The President may now favor allowing some processed U.S. oil to be exported. But his agencies are preparing numerous new rules that will undermine bipartisan energy, job and economic growth initiatives. The Competitive Enterprise Institute says they are considering 2,375 new rules this year – on top of 3,541 regulations approved in 2014. The total price tag for complying with federal rules: $1.9 trillion per year!

EPA has delayed its latest climate change regulations until summer, but they will likely require that coal-fueled power plants slash carbon dioxide emissions by 30% or close down. Since no affordable or proven technology exists to achieve this, the rule will shutter numerous power plants and cost some 600,000 jobs in states that rely on coal for reliable, affordable electricity. Moreover, as my Climate Hype Exposed report makes clear, the rules will do absolutely nothing to “stabilize” Earth’s always fickle climate.

President Obama’s determination to lock the United States and other countries into a binding new climate change treaty will magnify the damage many times over. First, developing nations like China and India must merely agree to try at some future date to make some efforts to reduce their greenhouse gas emissions. Other countries can walk away from treaty obligations that become too burdensome. That will penalize the United States as almost the only nation required to abide by its suicidal climate agreements.

Second, few (formerly) rich countries will ever honor their supposed commitments to provide billions of dollars a year for climate change “adaptation” and “mitigation” – and those contributions will never come anywhere near the $100 billion per year that poor developing countries are demanding as their price for signing a treaty. Third, most of this money will end up in Swiss bank accounts of kleptocratic African, UN and other dictators, bureaucrats, politicians, activists and corporatists. The poor will get nothing.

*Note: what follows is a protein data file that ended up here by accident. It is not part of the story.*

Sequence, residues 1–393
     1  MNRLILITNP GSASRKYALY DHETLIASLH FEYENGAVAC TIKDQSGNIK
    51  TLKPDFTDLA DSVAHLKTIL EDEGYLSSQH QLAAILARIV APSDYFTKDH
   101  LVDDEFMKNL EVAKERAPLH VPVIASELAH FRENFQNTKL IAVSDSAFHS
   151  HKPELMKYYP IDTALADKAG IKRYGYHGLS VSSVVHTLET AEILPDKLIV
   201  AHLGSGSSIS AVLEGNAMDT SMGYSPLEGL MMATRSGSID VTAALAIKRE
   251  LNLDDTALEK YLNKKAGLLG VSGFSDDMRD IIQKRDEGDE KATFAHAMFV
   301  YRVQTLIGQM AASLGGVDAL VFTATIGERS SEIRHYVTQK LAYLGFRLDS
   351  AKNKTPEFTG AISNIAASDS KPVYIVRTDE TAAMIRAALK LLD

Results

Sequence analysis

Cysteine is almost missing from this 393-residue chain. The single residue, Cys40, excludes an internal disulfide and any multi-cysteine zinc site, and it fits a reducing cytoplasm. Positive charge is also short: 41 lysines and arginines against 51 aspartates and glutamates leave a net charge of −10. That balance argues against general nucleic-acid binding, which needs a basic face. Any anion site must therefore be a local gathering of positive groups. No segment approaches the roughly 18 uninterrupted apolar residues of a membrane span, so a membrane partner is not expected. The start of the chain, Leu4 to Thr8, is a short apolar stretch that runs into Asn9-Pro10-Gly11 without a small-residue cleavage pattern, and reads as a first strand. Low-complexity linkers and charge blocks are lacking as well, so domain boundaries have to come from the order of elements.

Fourth, most of this promised aid – as well as OPIC, World Bank and other loans and grants – comes with the proviso that the money be used only for wind, solar and biofuel projects. Poor countries will be prevented from building coal or gas power plants to lift billions out of poverty via reliable, affordable electricity. Billions of people will remain trapped in poverty, misery, disease and early death – with improved education, healthcare, jobs, food, clean water and sanitation remaining largely out of reach.

What can the new Republican Congress do in the face of the President’s ideological intransigence?

* Pass Keystone pipeline legislation and bills promoting expanded leasing and drilling on federal lands.

* End abuses detailed in the Senate Staff ReportChains of Environmental Command, and other studies that reveal how Big Green colludes with federal agencies to impose job-killing policies and regulations.  Hold hearings and question agency heads under oath. Root out collusion between agencies and activists, sweetheart sue-and-settle lawsuits, and other agency misconduct, deceit and fraud in devising regulations. Apply the same ethics and integrity rules to them that they impose on us.

* Employ budget reductions, budget restrictions and specific legislative language to: block regulations that do not pass Information Quality Act standards of transparency, integrity and scientific analysis; end payoffs to advisory panels and pressure groups; and prohibit EPA from expanding its mission and personnel by launching sustainable development, “environmental justice” and climate programs.

* Require that EPA and other agencies fully and honestly assess the potentially harmful effects that their regulations are likely to have on jobs and human health and well-being – and subject proposed rulemakings to review by industry and other independent outside experts – before rules can be implemented. Alleged benefits of rules must clearly exceed their monetary, job, health and welfare costs.